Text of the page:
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October 22, 2015

Accidental Activists

By Colleen Flaherty

Hans Joerg Tiede is a professor of computer science at Illinois Wesleyan University, but he’s also an historian -- at least of the American Association of University Professors. Tiede, a member of the AAUP’s Committee A on Academic Freedom and Tenure, has been telling the organization’s story at various events this year as it celebrates its centennial. He’s also penned its creation story in a new book out from Johns Hopkins University Press called University Reform: The Founding of the American Association of University Professors. The book chronicles the circumstances, events and personalities that led to the formation of the AAUP in 1915, and also takes on certain myths about its creation -- primarily the idea that it has always been an organization primarily dedicated to defending professors’ rights.

Tiede, who will begin a staff stint with the AAUP’s national office of tenure, academic freedom and governance in January, answered questions about the book and about how he thinks AAUP might evolve in the next 100 years to stay relevant.

Q: The AAUP today is synonymous with academic freedom. But you argue that the AAUP originally formed to advance the professionalization of the professoriate, similar to the role of the American Bar Association for lawyers. What exactly does that mean, and how did university governance structures in 1915 differ from what they look like today on many campuses, with faculty senates?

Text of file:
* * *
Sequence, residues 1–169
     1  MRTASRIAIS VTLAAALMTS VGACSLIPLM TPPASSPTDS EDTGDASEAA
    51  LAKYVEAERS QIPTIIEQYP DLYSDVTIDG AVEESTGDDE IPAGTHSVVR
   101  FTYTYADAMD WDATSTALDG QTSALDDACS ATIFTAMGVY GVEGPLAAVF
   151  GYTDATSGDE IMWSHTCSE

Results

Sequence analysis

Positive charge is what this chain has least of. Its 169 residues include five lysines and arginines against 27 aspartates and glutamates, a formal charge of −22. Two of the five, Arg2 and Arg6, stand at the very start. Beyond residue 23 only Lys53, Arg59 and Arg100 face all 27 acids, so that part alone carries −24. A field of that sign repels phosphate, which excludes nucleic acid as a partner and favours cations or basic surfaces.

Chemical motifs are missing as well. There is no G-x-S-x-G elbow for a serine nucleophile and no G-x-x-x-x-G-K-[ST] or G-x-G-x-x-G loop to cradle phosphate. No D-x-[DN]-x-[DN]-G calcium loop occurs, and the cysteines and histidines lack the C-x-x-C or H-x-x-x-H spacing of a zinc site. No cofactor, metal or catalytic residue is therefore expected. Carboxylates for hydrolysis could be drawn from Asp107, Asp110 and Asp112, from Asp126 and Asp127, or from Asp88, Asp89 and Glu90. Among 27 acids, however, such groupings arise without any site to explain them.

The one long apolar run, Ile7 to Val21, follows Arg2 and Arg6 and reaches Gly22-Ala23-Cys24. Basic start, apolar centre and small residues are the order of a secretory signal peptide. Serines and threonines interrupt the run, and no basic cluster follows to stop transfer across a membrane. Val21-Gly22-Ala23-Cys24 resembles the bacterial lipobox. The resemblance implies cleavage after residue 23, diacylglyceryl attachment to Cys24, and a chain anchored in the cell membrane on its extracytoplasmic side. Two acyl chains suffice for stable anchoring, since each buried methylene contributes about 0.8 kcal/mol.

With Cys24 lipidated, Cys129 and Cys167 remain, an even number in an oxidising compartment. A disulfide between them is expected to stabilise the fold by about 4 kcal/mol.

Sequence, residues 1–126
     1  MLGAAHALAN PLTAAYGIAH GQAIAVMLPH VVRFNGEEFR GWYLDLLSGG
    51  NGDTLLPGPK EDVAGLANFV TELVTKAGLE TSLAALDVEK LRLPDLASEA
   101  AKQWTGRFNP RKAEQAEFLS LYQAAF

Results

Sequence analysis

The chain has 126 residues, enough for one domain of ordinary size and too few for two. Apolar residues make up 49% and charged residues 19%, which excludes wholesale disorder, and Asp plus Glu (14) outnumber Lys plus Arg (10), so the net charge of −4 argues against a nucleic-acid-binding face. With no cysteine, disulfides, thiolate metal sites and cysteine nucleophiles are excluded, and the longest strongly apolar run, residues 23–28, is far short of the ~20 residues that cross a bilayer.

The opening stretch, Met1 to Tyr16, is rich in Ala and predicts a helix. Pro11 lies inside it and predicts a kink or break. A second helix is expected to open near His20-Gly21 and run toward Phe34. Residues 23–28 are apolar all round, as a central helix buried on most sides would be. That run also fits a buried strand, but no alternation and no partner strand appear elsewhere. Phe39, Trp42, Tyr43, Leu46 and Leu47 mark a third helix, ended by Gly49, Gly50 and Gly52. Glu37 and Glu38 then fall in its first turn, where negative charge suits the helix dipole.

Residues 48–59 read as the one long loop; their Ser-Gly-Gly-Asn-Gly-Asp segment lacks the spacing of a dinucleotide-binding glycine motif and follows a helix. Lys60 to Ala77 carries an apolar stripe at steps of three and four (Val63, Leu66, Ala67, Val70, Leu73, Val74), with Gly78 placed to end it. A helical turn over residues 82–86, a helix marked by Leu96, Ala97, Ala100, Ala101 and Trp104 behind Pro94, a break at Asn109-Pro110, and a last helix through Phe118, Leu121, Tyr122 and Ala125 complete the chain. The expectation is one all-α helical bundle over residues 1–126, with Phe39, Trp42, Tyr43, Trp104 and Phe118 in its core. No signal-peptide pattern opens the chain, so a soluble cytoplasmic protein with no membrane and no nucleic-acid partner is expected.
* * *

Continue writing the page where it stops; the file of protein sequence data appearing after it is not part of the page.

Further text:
A: In 1915, trustees and regents regularly exercised much more direct control over day-to-day operations of the university than they do now. They often viewed professors as their employees, or “hired men,” to use a term of derision the founders of the AAUP employed, and treated them accordingly. The founders of the AAUP wanted to establish a role for the faculty in institutional governance that would make them the equals of the trustees rather than their subordinates. Academic freedom was an important part of changing the role of professors, since it directly related to their professional autonomy, but it was only one part in the overarching goal of the AAUP. A term that AAUP co-founder Arthur Lovejoy [a professor of philosophy at Johns Hopkins University] employed to describe his vision of the university was that of a “self-governing republic of scholars.” While he saw a role for trustees in oversight, he did not believe that they should have final authority over academic matters.

The rhetoric the founders of the AAUP employed to criticize the existing form of university governance mirrored the form in which Progressive Era reformers criticized the existing form of political order in the United States, which they thought should be modified to account for changes in modern society. The lay governing board was seen as an outdated, colonial-era invention, which are terms that were used by some political reformers to describe the U.S. Constitution. The AAUP was very much a product of Progressive Era thought, which is the reason for my choice of the title of the book: University Reform. The founders of the AAUP saw the association as a movement for a reform of the university that would bring greater power to the faculty.

Q: When did academic freedom emerge as a focus for the AAUP? And can you talk a little bit about the Edward Ross case?

full interview ...

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